- Associated Press - Friday, June 5, 2015

BLOOMINGTON, Ill. (AP) - Police work involves split-second decisions that can change lives in an instant - a concept area law enforcement officers demonstrated to visitors at the Law Enforcement Educational Summit.

Officers demonstrated use of police dogs at traffic stops, shoot/don’t shoot scenarios, stun guns and handcuffing techniques at the Illinois National Guard Armory in Bloomington.

McLean County Sheriff Jon Sandage said education was the aim of the event.

“This takes away some of the misconceptions people have about police work and shows them it’s not an easy job,” said the sheriff.

Illinois State University Police Sgt. Charlie Summers helped people understand their decision to fire at a perceived perpetrator depicted in various situations in a shoot/don’t shoot simulation.

“One second can cost you your life and you’re not going home one day,” Summers told one person who hesitated on the trigger.

“Some people were not picking up on our cues. They’re not seeing what we’re seeing,” said Summers, referring to a forward movement or other cues that translate to an imminent threat to an officer.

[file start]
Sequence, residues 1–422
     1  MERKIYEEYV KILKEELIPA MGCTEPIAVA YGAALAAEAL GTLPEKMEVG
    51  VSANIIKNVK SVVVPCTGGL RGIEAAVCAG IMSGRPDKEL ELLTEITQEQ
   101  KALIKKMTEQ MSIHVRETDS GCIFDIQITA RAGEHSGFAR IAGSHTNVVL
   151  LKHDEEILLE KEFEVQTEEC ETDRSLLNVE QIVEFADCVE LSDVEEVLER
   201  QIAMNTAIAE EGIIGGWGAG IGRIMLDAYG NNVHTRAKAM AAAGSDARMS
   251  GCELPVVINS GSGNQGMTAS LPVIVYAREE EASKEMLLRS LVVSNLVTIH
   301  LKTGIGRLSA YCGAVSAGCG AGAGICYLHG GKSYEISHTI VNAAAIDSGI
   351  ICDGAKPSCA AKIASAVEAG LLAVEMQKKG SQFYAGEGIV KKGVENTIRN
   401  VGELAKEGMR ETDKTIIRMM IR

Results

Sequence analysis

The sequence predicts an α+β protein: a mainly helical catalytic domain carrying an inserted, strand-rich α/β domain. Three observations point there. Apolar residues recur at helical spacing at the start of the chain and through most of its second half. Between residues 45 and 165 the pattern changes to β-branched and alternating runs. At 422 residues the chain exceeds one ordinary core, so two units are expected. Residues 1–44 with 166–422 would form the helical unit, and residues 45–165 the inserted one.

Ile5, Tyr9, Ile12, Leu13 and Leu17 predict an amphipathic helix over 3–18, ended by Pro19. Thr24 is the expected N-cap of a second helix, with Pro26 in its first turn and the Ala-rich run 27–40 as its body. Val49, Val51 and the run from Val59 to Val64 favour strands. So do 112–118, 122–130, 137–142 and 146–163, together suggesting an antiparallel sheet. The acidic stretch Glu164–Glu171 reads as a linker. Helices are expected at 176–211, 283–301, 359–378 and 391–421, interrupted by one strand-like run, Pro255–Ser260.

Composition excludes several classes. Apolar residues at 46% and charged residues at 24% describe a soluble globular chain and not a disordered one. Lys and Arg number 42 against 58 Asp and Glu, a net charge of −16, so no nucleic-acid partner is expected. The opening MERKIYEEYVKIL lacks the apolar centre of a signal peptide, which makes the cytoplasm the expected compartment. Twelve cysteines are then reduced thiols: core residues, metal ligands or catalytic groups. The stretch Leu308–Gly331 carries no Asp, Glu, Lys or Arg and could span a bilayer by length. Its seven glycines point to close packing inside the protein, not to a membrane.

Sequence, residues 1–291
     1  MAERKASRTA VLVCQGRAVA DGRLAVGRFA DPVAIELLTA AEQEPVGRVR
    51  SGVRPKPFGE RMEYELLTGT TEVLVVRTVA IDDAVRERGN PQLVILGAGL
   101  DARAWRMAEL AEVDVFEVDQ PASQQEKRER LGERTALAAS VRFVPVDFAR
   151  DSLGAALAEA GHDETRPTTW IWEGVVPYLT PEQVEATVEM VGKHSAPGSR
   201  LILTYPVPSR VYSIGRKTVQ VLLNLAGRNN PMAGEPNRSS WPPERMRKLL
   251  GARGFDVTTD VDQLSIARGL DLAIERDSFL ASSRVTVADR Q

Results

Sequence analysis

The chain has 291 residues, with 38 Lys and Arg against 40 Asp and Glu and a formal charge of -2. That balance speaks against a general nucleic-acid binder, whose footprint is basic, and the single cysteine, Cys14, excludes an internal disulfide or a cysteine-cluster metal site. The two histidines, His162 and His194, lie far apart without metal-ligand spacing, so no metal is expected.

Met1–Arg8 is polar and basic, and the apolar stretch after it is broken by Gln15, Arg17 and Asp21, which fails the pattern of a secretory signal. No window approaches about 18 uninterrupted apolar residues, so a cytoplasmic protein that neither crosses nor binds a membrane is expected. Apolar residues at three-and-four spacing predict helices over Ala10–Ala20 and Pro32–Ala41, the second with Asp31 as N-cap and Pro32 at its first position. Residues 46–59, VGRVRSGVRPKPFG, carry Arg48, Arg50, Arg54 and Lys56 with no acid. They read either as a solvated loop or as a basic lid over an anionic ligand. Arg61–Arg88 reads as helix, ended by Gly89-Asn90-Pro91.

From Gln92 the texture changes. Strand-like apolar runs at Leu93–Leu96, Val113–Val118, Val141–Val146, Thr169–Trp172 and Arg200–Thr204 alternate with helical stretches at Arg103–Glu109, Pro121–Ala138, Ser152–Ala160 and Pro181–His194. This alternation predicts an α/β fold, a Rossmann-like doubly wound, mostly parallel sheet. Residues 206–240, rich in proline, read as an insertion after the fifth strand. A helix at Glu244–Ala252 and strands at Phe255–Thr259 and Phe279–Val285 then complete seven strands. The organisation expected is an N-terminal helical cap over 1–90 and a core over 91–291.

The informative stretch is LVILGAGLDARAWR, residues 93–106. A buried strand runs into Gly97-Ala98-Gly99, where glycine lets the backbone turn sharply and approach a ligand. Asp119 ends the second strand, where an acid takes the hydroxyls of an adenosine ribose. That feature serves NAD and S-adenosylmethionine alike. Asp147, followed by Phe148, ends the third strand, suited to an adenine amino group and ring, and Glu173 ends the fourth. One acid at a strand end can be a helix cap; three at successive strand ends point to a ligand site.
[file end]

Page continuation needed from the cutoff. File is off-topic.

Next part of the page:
Summers cautioned people that in a real-life situation, their judgment calls would be subject to review. With the approval of concealed-carry permits, more people are carrying weapons, he noted.

The timing was good for the event at which people had a chance to talk informally with police, said Quincy Cummings, president of the local chapter of the NAACP.

“An event like this builds trust. We’re trying to be proactive and show solidarity and unity before anything happens,” said Cummings. Violent incidents in Missouri, Maryland and other places show the importance of open communication, he said.

The crowd of 60 people rotated between the training presentations that gave them a close-up look at methods used by police to stop or control a subject. That information could avert a misunderstanding in the future, said Cummings.

“This gives some perspective so that when an event happens, a person can understand the split-second decision that officers face,” said Cummings.

Bloomington police Detective Tim Power showed people the proper way to lock a pair of handcuffs and the dangers a suspect and an officer can face when the process gets unruly. The interaction with the public was a unique chance to explain those details, he said.

“I like to show people our point of view. I think this is how to do it; it’s a nice open forum,” said Power.

The summit is one of several community events sponsored by local police agencies to improve community relationships.


Source: The (Bloomington) Pantagraph, https://bit.ly/1EIoXlp


Information from: The Pantagraph, https://www.pantagraph.com



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